I am a professional writer, which means as soon as I get an assignment, I sit right down and reorganize my desk. Then I clean my apartment and make myself a snack. Then I do that all again. In fact, I take my job so seriously that I conducted exhaustive research for this article about procrastination by putting it off until the last minute. You’re welcome.
There are several valid explanations for why we procrastinate, but let’s focus on one aspect: self-control.
We lack self-control because our unconscious decision-making mechanisms – the system of irrationality upon which behavioral science is based – prefers the tangible, emotionally satisfying rewards of doing something right now, in the present, to the immediate work and discomfort which might lead to – often greater – distant, vague, uncertain and disconnected rewards in the future. Whether it’s exercise, diet or saving for retirement, it feels good to do something now – stay in bed, eat some cake, buy a boat – especially when the reward for the long-term action is months, years and decades away. I can’t really relate to Jeff-in-30-Years, but I do know what Jeff-Right-Now wants: cake, in bed, on a boat. Whatever pleasure or pain I might feel later – after a hard task is done – just isn’t as tangible nor as powerful a motivator as whatever pleasure or pain I might feel right now.
This lack of emotional connection with our future selves makes for a powerful cocktail of no self control … which is why we eat one marshmallow instead of waiting for two, have no retirement savings and why we put off unpleasant work for the emotional rewards of procrastination.
Eventually finishing the big report I haven’t even started doesn’t feel nearly as good as the dopamine rush I get from one more retweet, Facebook like, email notification, clean countertop or heartily devoured last Oreo.
So if our lack of self-control – our preference for the temptations of the present over the benefits of the future – is a driving force behind procrastination, what can we do?
Well, we cannot change human nature, but by understanding human nature – why we do things – we can create systems and environments and tools to use our human nature to our own benefit (complete the project!) rather than having it be used against us (write a Facebook post and vacuum up cookie crumbs).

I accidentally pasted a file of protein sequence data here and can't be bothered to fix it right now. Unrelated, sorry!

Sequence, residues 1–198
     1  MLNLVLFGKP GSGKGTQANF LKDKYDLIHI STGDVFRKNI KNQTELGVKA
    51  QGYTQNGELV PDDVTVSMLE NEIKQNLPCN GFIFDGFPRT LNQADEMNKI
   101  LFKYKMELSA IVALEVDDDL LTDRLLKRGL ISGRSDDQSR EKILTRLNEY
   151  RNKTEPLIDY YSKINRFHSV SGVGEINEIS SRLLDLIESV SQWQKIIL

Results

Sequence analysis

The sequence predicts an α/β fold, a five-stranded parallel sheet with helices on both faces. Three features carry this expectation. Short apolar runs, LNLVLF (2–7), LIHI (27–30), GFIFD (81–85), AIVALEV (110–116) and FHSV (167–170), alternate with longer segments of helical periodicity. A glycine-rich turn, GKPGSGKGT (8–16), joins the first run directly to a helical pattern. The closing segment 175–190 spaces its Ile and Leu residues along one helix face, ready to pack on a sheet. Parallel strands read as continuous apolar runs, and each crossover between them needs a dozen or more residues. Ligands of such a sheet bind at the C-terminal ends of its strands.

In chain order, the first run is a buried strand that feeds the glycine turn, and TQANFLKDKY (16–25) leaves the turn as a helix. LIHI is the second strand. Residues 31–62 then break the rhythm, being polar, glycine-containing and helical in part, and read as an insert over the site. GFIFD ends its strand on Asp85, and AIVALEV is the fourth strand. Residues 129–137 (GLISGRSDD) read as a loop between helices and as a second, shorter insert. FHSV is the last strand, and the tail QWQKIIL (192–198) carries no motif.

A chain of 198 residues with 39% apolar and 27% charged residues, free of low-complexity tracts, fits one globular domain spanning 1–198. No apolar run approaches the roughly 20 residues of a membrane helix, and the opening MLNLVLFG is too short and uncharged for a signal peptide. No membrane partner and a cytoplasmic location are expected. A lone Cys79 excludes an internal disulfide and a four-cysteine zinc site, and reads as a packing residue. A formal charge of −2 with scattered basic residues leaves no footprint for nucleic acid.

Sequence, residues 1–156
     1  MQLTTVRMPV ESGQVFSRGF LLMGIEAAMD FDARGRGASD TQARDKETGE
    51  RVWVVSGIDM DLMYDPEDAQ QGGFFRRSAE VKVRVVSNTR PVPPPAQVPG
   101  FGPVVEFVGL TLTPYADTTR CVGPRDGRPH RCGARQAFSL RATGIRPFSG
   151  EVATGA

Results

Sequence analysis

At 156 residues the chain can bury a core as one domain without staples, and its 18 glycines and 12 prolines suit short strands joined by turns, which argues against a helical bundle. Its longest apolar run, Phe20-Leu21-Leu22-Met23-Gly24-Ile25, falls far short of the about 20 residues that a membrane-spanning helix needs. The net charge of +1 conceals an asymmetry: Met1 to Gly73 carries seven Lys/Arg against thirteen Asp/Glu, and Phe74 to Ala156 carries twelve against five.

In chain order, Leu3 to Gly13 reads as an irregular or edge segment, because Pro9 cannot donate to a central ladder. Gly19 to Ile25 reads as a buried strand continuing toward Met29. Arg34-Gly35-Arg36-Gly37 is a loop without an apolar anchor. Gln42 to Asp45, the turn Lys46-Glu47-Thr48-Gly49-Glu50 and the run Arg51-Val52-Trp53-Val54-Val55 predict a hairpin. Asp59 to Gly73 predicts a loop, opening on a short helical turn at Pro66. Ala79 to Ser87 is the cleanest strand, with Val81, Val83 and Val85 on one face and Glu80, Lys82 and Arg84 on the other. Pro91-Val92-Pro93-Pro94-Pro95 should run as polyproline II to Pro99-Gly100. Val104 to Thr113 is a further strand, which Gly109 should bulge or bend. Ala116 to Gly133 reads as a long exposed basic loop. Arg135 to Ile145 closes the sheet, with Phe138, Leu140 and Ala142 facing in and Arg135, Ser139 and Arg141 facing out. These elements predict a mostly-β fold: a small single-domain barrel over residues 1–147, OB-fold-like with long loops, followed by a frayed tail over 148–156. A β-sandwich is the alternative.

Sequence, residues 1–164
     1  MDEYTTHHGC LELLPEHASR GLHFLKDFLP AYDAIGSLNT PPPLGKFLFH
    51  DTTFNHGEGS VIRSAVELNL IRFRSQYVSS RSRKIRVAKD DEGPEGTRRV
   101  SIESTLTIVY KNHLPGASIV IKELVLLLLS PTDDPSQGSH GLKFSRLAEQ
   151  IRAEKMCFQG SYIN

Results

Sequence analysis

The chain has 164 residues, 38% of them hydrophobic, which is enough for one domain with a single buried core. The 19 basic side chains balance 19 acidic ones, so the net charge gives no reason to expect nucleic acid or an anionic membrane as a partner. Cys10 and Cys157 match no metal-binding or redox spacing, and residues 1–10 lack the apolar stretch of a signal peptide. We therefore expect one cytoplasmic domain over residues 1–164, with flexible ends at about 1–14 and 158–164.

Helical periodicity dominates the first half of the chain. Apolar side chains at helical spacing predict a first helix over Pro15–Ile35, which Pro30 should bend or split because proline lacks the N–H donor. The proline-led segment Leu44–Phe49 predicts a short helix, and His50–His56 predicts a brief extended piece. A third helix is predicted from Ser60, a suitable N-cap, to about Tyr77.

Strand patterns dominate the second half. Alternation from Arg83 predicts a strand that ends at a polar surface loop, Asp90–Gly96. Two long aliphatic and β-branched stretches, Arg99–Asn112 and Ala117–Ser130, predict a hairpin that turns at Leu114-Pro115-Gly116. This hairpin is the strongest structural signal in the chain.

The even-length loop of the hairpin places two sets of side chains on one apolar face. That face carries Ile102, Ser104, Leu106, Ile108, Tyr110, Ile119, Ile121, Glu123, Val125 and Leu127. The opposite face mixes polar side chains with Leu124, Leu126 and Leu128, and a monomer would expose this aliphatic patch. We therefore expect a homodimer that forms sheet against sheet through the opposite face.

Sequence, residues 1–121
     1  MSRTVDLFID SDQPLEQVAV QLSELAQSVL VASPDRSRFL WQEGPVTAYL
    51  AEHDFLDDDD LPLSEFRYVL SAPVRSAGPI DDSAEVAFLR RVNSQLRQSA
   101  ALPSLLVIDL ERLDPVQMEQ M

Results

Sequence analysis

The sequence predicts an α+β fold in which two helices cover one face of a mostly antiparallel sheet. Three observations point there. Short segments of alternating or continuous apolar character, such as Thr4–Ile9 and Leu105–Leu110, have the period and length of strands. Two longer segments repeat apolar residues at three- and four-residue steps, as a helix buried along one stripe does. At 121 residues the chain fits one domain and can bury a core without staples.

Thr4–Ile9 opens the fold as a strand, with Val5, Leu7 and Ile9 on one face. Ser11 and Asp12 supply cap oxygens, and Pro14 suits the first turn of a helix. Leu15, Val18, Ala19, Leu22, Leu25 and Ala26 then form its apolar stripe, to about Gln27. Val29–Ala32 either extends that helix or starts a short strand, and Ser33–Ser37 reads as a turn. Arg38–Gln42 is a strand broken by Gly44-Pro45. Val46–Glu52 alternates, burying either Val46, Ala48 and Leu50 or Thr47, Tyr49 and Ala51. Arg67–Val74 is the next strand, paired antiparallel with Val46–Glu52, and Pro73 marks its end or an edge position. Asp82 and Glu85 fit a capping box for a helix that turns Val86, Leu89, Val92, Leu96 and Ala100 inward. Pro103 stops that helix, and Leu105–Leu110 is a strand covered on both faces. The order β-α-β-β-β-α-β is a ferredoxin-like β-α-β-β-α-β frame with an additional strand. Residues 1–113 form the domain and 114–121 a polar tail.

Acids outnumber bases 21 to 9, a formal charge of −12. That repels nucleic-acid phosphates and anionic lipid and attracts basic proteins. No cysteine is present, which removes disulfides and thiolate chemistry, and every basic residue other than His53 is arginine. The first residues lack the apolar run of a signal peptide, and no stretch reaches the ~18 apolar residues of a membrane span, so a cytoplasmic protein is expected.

That’s where behavioral science comes in, providing three basic ways to overcome our self-control problems and stop procrastinating. We can 1. Increase the immediate rewards of working long term, 2. Make the future consequences of action more tangible and/or 3. Lock ourselves into doing the right thing.
Increase Immediate Rewards
Since the benefits of the project we’re putting off won’t be felt for a long time – and they’re overwhelmed by the emotional rewards of avoiding it – we need to increase immediate emotion rewards of the long-term project. We can do this through “reward substitution.” Instead of fighting to overcome our lack of self-control or fighting to be motivated by the future benefits or fighting to overcome present temptations … we can just give ourselves kudos and prizes for present action in the right direction. Rather than trying to convince ourselves to care about our future, we can just give ourselves less important, but far more immediate and tangible reasons to make a sacrifice today. How?
- Literally reward yourself for starting. You spent 10 minutes entering data without checking Twitter? Have a cookie. Now get back to work.
- Articulate and focus on the immediate benefits of the long-term work to increase motivation. “Feels good to get going.” “I’m beating Gil in accounting.” “I don’t hide my computer screen whenever I hear footsteps.” Whatever little benefit you can find to actually working instead of procrastinating … focus on those.